Specifically, OCGA § 5-6-34(a)(1) provides for appeal from “[a]ll final judgments, that is to say, where the case is no longer pending in the court below, except as provided in Code Section 5-6-35.” Section 5-6-35, the discretionary appeal statute, requires the appellant to apply for discretionary review in certain classes of cases prior to taking an appeal.

    Prior to entry of final judgment in the trial court, a party may have other options for appeal. The party can attempt the interlocutory appeal procedure of OCGA § 5-6-34(b). If the case falls into one of the 11 categories listed in OCGA § 5-6-34(a)(2)-(12), the party can file a direct appeal without using the interlocutory appeal procedure, even though the judgment may not be final. Some “collateral orders” are immediately appealable, and in extraordinary cases, a party can seek a writ of mandamus.

    The finality of a judgment is determined in part by OCGA § 9-11-54(b). See, e.g., Rhymes v. East Atlanta Church of God, Inc., 284 Ga. 145 (663 SE2d 670) (2008) (interpreting OCGA § 9-11-54(b) and OCGA § 5-6-34(a)(1) together). Section 9-11-54(b) provides in full: “When more than one claim for relief is presented in an action, whether as a claim, counterclaim, cross-claim, or third-party claim, or when multiple parties are involved, the court may direct the entry of a final judgment as to one or more but fewer than all of the claims or parties only upon an express determination that there is no just reason for delay and upon an express direction for the entry of judgment. In the absence of such determination and direction, any order or other form of decision, however designated, which adjudicates fewer than all the claims or the rights and liabilities of fewer than all the parties shall not terminate the action as to any of the claims or parties, and the order or other form of decision is subject to revision at any time before the entry of judgment adjudicating all the claims and the rights and liabilities of all the parties.” (Emphasis added.) This means that an order is not a final judgment as to any claim or party, unless all claims have been resolved as to all parties, or the trial court makes the express determination provided by this section.

    Trial court’s designation not controlling

    The use (or non-use) by the trial court of the word “final” in an order does not conclusively determine whether the order is a “final judgment.” “Whether an order is final and appealable is judged by its function and substance, rather than any ‘magic language.’” Hughey v. Gwinnett Cnty., 278 Ga. 740, 741 (609 SE2d 324) (2004) (citation omitted). Further, “the titling of an order as final does not equate to an express determination that there was no just reason for delay and an express direction for the entry of final judgment under OCGA § 9–11–54(b).” Sotter v. Stephens, 291 Ga. 79, 83 (727 SE2d 484) (2012) (citing Rhymes, 284 Ga. 145). See also State v. Clark, 273 Ga. App. 411, 414 (615 SE2d 143) (2005) (noting order may constitute final judgment “even though [it] does not specify that it is a grant of final judgment”) (citation and quotation marks omitted).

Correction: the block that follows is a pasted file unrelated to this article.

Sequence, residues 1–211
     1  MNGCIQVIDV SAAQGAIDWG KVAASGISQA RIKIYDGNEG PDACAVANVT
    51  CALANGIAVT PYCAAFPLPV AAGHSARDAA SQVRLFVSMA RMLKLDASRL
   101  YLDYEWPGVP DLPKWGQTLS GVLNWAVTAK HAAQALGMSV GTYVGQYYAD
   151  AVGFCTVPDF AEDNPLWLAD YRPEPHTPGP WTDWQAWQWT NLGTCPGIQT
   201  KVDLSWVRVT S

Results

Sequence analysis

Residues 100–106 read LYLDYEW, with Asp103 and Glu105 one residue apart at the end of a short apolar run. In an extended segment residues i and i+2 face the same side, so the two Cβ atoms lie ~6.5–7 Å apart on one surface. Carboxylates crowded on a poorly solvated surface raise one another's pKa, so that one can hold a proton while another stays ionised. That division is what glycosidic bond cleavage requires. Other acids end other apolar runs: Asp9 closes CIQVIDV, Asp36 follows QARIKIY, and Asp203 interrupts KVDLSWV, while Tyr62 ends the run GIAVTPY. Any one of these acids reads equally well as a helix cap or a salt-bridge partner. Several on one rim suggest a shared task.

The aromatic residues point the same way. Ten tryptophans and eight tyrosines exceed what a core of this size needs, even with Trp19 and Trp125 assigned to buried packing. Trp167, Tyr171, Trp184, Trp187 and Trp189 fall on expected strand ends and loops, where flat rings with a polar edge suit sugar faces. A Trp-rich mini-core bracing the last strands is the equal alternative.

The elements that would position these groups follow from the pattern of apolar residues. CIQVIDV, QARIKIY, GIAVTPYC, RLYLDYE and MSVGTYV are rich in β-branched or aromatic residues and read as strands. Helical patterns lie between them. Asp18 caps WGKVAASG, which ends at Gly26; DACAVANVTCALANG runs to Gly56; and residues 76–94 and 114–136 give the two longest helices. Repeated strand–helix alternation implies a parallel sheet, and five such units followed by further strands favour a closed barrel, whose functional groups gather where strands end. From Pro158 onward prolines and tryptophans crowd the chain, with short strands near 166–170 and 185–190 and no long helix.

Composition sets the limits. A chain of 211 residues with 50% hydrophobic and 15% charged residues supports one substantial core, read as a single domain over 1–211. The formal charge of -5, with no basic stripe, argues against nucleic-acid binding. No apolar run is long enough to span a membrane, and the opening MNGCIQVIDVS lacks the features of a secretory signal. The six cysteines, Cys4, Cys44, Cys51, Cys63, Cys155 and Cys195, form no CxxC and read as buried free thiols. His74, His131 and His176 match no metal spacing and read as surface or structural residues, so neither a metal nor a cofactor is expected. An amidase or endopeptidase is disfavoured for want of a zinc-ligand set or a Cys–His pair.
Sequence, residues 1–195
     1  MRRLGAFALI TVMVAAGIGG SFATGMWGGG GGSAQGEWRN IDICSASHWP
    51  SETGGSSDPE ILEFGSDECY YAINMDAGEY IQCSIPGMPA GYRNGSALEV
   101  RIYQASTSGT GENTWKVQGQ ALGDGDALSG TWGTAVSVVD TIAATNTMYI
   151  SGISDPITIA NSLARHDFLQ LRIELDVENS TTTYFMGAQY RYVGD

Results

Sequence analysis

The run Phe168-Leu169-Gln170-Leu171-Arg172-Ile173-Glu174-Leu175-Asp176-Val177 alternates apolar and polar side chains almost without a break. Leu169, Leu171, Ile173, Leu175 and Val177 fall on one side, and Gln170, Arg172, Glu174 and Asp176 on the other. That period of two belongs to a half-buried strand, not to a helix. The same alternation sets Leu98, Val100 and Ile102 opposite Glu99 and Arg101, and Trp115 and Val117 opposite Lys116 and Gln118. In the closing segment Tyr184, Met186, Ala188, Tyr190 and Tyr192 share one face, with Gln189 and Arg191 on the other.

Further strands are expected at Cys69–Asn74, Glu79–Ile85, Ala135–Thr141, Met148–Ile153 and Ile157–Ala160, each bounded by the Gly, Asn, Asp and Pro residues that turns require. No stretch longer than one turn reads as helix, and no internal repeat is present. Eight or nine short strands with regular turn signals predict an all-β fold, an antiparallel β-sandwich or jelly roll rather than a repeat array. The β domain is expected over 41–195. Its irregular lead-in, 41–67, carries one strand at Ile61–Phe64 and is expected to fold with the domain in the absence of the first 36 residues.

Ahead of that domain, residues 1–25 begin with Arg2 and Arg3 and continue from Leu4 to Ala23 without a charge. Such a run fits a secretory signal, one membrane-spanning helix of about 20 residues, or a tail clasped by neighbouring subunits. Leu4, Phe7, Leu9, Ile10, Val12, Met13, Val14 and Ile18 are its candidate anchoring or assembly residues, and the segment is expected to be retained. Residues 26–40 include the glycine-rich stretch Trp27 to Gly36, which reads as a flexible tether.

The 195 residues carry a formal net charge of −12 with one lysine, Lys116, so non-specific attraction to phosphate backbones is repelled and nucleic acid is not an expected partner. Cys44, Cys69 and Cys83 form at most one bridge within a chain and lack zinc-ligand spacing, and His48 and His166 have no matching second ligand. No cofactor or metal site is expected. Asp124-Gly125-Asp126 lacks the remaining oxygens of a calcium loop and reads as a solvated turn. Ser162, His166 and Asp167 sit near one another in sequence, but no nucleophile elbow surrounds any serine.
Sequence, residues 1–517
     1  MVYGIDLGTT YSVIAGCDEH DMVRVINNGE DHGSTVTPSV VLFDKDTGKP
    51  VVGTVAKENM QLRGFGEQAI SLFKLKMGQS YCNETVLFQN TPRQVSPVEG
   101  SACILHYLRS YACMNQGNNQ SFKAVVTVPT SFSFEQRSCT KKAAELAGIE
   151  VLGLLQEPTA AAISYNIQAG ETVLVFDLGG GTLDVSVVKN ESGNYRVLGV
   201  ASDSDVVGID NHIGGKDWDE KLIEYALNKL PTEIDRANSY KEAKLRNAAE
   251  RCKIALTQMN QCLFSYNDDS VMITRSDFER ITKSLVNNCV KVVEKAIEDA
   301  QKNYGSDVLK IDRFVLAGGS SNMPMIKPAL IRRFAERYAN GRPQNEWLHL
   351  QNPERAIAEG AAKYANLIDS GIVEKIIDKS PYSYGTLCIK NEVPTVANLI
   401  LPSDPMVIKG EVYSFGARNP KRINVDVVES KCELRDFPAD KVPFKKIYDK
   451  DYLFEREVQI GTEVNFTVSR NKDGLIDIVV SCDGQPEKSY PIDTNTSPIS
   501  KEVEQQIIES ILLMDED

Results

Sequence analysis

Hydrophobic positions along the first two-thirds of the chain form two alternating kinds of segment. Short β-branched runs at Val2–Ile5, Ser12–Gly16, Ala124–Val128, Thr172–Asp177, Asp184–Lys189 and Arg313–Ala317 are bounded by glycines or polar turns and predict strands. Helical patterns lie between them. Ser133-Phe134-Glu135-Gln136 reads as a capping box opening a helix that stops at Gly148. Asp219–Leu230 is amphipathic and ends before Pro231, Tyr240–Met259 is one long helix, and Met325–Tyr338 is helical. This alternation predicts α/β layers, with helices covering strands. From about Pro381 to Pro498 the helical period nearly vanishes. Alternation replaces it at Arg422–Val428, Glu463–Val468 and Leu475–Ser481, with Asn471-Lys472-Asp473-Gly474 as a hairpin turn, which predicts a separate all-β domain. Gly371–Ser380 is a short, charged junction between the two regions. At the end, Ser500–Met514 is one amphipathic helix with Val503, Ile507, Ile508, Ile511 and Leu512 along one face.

Although this rule may be better than any alternative, it is not entirely satisfactory. Parties generally must decide within 30 days or less of a final judgment whether to file a notice of appeal, see OCGA § 5-6-38(a), but cannot know from the trial court’s description of any given order whether it constitutes a final judgment. Further, to the extent that a trial court’s incorrect designation of an order as “final” could be considered reversible error, it apparently is not a type of error that must be preserved, as appeals courts have allowed parties to appeal orders designated as “final” beyond the 30 day period without having objected at the time. E.g., Sotter, 291 Ga. at 84.

    Reservation of calculation of damages precludes finality

    An order is not a final judgment if it leaves unresolved the calculation of damages. See Sotter, 291 Ga. 79.

    Synonymous with “final disposition of the action”

    The Georgia provision for attorney’s fees for frivolous litigation, OCGA § 9-15-14, requires a party seeking such attorney’s fees to request them “not later than 45 days after the final disposition of the action.” In Fairburn Banking Co. v. Gafford, 263 Ga. 792 (439 SE2d 482) (1994), the Georgia Supreme Court held that “final disposition of the action” under this statute has the same meaning as “final judgment” in OCGA § 5-6-34(a)(1).

    Later amendments indicate non-final

    The Georgia Supreme Court has noted that later amendments by the trial court to an order tend to indicate the pre-amendment order was not final. See Hoover v. Hoover, No. S14F0236 (Ga. Apr. 22, 2014).

    Claims stayed pending bankruptcy preclude finality

    An order is not a final judgment if there are still outstanding claims against any party, even if the claims have been stayed as a result of the party’s bankruptcy. See Distelhurst v. Winn, No. A14A1979 (Ga. App. Aug. 8, 2014).